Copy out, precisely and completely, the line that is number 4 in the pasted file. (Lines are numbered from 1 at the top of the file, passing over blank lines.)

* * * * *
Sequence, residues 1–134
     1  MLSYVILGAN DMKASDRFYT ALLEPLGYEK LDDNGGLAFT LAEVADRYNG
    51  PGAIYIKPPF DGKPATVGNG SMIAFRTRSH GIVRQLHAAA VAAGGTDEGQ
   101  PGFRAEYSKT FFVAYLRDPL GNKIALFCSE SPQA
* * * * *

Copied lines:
   101  PGFRAEYSKT FFVAYLRDPL GNKIALFCSE SPQA